Valid City Ordinance forbidding the Dealing in Rags and Paper.
An ordinance of the city of Worcester, which provides that "No person shall carry on the business of collecting, storing, or dealing in old rags, old papers, or other such refuse material, in any building within a circle the radius of which is two miles from the intersection of the south line of Front Street and the east line of Main Street, unless he is duly licensed therefor by the board of aldermen, for which license, if granted, no fee shall be charged," is valid.
COMPLAINT for the violation of an ordinance of the city of Worcester. At the trial in the Superior Court, before Hopkins, J., the case was submitted to the jury upon an agreed statement of facts. The defendant contended that the ordinance was void.
The jury returned a verdict of guilty; and the defendant alleged exceptions.
W. J. Taft, for the defendant.
H. Parker, District Attorney, & G. S. Taft, Assistant District Attorney, for the Commonwealth.
=bKNOWLTON, J. The defendant was convicted of a violation of an ordinance of the city of Worcester, which is as follows: "An Ordinance to regulate the collecting and storage of old rags, old papers, or other refuse material. Section 1. No person shall carry on the business of collecting, storing, and dealing in old rags, old papers, or other such refuse material, in any building
within a circle the radius of which is two miles from the intersection of the south line of Front Street and the east line of Main Street, unless he is duly licensed therefor by the board of aldermen, for which license, if granted, no fee shall be charged." The only question in the case is whether the ordinance is valid. By its charter the city of Worcester has all the rights to pass ordinances that are given to cities and towns by general laws. St. 1893, c. 444, § 19. Under the Pub. Sts. c. 27, § 15, towns may make "such necessary orders and by-laws, not repugnant to law, as they may judge most conducive to their welfare," for the following purposes among others, namely, "for directing and managing the prudential affairs, preserving the peace and good order, and maintaining the internal police thereof." By-laws and ordinances looking to the preservation of the public health are plainly within the authority conferred by this section. See Commonwealth v. Parks, 155 Mass. 531 . The authority given by the Pub. Sts. c. 80, §§ 18, 84, to boards of health of towns to make regulations and pass orders in reference to certain matters affecting the health of the community, cannot properly be construed to prevent the passage of reasonable by-laws by towns, under the authority of Pub. Sts. c. 27, § 15. Commonwealth v. Parks, 155 Mass. 531 , 533. Special authority is given by the Pub. Sts. c. 80, § 18, to a board of health "respecting articles which are capable of containing or conveying infection or contagion, or of creating sickness brought into or conveyed from its town." It is manifest that old rags may be very dangerous in this respect. The case of Train v. Boston Disinfecting Co. 144 Mass. 523 , fully recognizes the reasonableness of provisions regulating the business of dealing in rags.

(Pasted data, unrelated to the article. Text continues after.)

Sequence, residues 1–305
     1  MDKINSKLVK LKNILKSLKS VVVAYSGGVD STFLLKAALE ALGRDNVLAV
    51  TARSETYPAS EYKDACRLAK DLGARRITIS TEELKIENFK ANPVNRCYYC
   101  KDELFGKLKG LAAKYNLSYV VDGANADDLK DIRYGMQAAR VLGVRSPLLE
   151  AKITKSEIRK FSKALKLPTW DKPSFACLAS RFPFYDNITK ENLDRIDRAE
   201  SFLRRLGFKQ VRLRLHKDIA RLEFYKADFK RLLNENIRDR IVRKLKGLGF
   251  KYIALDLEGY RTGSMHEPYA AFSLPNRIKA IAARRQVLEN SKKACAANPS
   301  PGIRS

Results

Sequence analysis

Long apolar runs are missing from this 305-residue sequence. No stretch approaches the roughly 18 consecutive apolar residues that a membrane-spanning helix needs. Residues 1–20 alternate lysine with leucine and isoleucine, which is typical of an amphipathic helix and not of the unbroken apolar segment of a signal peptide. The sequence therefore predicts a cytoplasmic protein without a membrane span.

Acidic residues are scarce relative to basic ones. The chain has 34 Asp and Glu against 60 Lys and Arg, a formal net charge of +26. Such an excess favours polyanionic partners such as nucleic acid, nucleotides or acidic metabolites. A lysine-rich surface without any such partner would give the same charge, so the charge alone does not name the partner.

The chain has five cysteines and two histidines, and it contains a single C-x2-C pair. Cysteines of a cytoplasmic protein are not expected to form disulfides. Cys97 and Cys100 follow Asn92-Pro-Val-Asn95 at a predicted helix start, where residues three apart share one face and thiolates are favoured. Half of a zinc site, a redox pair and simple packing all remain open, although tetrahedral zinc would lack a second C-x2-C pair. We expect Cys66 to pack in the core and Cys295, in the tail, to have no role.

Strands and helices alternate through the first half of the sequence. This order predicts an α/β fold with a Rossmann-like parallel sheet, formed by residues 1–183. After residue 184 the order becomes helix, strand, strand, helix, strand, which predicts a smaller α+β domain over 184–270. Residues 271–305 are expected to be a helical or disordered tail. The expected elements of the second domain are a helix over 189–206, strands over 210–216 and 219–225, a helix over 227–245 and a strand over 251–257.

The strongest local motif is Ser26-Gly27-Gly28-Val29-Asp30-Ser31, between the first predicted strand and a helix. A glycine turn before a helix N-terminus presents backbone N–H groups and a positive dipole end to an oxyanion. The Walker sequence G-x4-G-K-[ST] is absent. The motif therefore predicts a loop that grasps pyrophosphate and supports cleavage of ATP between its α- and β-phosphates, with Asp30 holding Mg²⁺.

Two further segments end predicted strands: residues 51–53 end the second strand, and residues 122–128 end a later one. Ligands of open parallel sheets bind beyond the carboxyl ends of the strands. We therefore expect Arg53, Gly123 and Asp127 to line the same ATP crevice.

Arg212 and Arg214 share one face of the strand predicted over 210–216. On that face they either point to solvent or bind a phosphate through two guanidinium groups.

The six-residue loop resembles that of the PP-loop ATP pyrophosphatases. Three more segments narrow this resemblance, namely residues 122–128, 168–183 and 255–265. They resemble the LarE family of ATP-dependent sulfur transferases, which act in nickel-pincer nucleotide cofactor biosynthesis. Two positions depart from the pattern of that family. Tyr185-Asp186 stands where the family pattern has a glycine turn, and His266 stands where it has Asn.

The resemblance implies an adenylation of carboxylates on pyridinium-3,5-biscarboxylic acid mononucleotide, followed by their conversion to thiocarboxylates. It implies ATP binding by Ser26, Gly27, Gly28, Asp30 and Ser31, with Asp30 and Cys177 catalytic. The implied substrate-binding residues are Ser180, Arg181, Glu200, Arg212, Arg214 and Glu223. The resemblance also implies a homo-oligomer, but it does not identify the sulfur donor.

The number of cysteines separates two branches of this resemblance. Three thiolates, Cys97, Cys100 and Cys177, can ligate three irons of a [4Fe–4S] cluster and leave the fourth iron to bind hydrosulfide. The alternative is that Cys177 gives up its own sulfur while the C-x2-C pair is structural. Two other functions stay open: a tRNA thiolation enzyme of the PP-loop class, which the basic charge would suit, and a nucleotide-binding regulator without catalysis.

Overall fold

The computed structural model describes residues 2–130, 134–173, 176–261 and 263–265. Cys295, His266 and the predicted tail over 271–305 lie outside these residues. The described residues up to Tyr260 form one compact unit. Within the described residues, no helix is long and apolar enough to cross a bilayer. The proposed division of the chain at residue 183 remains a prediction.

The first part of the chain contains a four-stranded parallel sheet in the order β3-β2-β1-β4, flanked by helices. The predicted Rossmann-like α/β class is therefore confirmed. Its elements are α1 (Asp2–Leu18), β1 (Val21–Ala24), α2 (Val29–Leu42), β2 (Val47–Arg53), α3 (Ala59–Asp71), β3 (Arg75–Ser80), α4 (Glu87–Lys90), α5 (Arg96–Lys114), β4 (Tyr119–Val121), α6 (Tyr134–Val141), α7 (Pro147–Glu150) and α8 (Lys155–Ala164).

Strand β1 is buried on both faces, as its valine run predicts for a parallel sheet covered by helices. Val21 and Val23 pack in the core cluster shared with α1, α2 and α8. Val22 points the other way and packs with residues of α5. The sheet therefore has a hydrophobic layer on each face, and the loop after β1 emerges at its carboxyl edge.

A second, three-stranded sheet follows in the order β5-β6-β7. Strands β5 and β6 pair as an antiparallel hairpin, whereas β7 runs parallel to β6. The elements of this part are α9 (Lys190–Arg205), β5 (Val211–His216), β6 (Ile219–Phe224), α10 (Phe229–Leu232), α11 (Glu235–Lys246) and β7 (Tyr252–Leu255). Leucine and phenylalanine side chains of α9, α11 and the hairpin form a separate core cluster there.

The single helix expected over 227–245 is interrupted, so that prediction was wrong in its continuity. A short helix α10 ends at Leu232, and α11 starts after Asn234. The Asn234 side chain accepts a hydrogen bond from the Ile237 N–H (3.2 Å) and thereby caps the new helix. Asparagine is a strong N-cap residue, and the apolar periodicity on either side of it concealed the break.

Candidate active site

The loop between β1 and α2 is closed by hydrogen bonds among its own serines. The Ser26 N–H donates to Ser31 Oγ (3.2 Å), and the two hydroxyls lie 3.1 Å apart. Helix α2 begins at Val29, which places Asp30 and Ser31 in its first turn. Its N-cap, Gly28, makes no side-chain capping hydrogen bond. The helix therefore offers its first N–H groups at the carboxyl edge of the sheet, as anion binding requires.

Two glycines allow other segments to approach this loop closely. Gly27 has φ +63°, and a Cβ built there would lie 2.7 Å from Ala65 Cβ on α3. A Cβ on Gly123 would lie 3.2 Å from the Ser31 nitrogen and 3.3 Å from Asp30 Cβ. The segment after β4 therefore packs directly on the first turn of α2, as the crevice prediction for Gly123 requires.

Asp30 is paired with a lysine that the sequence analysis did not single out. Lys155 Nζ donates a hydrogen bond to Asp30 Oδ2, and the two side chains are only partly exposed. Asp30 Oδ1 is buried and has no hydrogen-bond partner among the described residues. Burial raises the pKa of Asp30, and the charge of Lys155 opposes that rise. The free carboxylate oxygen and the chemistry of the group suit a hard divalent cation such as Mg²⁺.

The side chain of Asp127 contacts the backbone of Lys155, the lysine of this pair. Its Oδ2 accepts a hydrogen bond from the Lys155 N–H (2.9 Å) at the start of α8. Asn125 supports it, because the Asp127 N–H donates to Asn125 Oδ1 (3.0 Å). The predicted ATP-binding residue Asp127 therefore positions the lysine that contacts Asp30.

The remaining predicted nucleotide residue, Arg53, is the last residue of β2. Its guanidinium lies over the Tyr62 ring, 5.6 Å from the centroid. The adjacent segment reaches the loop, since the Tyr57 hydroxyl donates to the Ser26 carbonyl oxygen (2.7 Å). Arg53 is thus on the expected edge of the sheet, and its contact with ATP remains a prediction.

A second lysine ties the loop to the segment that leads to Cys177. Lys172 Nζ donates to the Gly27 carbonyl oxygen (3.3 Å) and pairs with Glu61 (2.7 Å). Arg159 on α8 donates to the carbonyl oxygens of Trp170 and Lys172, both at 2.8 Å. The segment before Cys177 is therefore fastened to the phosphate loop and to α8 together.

Besides the authority found in the statute already quoted, we have in the Pub. Sts. c. 102, § 28, a provision for licensing "dealers in and keepers of shops for the purchase, sale, or barter of junk, old metals, or second hand articles." There is certainly strong ground for the argument of the District Attorney that dealing in rags is within the express language of this statute.
We are of opinion that it was not unreasonable for the city of Worcester to forbid the business of collecting, storing, and dealing in rags within the thickly settled portions of the city except when conducted by licensed persons. The safety of the
community might be found to require that only persons who could be trusted to observe proper precautions should be permitted to carry on this business. When the interests of individuals conflict with the rights of the public, the individual interest must yield to the paramount right. Watertown v. Mayo, 109 Mass. 315 . Train v. Boston Disinfecting Co. 144 Mass. 523 . Newton v. Joyce, 166 Mass. 83 .